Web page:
In this video, TASA member James Arvanitakis, from the Graduate Research School Western Sydney University,
busts the myth of writer’s block and talks about 8 practical tips to help you move forward and progress your writing.
Quintus Tullius Cicero a Roman soldier and commentator, in the first century BC, commented that people should, “Avoid any specific discussion of public policy at public meetings.” He followed this up with a position statement which I would adopt for my contributions to the community:
Although you have all the accomplishments within the reach of human genius, experience, or acuteness, yet I thought it only consistent with my disposition to set down in writing what occurred to my mind while thinking, as I do, on the subject, not with the expectation that you would learn anything new from it, but that the considerations on a subject, which appeared to be disconnected and without system, might be brought under one view by a logical arrangement.
Over the years I have done a lot of that. I have 51 publications listed in the National Library Catalogue. Many of these come from taking what was already there and presenting it in a different way, often shocking people because I was able to show that what they thought was happening wasn’t, and, with a few ideas of my own, what could happen. Read more…
TASA’s Executive Committee volunteers govern the Association and manage its daily business as outlined in the Constitution and by established policies. The Executive Committee consists of the President, Vice President, Secretary, Treasurer, Postgraduate portfolio leader and up to four portfolio leaders as voting members, as well as the Immediate Past President and one representative of the editorial team for each of TASA’s publications as non-voting ex officio members. Every two years an Executive Election is held. The next call for nominations will be disseminated to all TASA members on August 1 this year.
We encourage all members to consider standing for an Executive position. To assist your thinking about this opportunity, please access a copy of TASA’s current Executive Organisational Chart here and the current Executive Committee Position Descriptions here.
Please note, prior to an election, the Executive review the four changeable portfolios and decide if amendments are needed. After a detailed review process, it was decided that a new portfolio focused on equity and inclusion would be added and the responsibilities for digital media distributed across other portfolios, particularly public engagement. The pending election will see a call for portfolio leaders for:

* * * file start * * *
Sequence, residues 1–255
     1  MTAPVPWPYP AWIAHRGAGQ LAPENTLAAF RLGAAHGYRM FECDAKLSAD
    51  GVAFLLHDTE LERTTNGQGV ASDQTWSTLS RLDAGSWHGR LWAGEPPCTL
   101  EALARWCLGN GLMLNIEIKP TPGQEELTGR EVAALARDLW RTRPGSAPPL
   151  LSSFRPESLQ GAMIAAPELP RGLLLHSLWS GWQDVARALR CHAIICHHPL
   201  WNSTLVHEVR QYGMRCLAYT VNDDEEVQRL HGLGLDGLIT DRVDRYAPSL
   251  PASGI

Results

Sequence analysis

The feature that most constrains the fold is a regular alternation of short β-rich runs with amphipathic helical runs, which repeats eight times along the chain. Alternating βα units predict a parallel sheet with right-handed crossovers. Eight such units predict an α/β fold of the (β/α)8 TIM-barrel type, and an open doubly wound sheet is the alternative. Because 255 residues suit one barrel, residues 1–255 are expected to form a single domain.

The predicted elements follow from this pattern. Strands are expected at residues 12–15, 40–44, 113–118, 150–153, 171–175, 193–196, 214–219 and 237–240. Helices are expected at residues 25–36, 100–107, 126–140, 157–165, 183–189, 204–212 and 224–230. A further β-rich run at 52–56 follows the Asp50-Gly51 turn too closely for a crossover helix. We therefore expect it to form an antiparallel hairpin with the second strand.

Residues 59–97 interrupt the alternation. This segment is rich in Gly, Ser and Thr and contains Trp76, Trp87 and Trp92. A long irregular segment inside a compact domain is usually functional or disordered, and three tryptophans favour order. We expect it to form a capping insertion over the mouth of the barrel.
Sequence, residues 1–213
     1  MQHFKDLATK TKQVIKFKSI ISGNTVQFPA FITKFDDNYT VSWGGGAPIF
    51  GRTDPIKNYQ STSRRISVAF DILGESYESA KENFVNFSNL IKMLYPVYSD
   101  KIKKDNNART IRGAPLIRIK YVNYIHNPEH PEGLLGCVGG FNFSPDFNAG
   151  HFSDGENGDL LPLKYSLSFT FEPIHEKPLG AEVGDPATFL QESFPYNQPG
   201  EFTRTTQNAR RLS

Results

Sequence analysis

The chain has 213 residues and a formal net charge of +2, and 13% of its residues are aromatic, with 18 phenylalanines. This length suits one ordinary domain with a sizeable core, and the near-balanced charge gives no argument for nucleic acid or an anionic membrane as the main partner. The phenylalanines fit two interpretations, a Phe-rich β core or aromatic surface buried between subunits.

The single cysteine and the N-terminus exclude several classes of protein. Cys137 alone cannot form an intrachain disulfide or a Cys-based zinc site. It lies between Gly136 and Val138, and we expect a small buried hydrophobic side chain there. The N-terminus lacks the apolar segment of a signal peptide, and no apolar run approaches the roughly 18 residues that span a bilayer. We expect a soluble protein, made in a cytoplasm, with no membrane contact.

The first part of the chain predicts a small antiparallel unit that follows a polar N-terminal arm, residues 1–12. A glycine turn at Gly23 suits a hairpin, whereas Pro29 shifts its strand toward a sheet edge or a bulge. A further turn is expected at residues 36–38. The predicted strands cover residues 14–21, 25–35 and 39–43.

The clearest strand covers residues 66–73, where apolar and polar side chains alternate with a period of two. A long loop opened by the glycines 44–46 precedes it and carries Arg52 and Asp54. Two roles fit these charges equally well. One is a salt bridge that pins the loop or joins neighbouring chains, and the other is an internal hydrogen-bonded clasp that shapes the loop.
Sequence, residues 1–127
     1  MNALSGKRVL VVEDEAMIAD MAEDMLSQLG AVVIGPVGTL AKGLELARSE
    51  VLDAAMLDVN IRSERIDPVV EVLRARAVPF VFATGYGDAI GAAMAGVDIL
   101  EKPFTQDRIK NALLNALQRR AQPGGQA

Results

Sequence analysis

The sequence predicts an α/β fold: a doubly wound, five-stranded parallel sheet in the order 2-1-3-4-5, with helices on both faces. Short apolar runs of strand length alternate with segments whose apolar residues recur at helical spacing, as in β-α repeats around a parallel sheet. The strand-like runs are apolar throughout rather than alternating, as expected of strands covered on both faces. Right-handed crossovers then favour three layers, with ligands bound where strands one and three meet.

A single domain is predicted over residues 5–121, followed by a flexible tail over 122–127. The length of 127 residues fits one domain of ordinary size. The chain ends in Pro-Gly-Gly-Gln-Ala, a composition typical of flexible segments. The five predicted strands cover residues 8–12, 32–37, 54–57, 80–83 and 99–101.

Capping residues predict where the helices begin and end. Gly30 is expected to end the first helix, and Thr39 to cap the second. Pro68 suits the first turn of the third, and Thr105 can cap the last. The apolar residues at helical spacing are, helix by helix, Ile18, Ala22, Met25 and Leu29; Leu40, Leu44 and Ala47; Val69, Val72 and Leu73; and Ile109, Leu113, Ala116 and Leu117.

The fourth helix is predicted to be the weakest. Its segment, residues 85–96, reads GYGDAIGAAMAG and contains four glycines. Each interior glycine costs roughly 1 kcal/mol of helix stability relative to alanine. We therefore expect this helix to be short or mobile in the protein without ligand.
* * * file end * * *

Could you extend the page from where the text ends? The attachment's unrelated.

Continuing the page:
- Applied Sociology
- Equity & Inclusion
- Public Engagement
- Thematic Groups
Position descriptions for each of the above portfolios and the other committee positions are available on TASAweb here. If you are interested in a particular Executive position, and you would like more information, we encourage you to contact the member currently in that role for a confidential chat. If you are interested in the new Equity and Inclusion portfolio, please contact TASA’s President, Dan Woodman. The current Executive are listed on TASAweb here.
TASA’s Precarious Work Scholarship Fund (PWSF) was established in 2018 and is funded by TASA. The scholarships aim to support participation at TASA annual conferences by those academics or applied sociologists who find themselves in casual or fixed term work conditions. Precarious work is defined for these scholarships as non-standard employment characterized by sub-standard work benefits. This broad definition has been further clarified to include the criteria of holding casual positions or a fixed term contract of no more than six months.
Applications for the 2018 round will close on August 24, 2018.
For the full details, please go to the scholarship web page.
If the recent Cambridge Analytica data scandal has taught us anything, it’s that the ethical cultures of our largest tech firms need tougher scrutiny.
But moral questions about what data should be collected and how it should be used are only the beginning. They raise broader questions about who gets to make those decisions in the first place.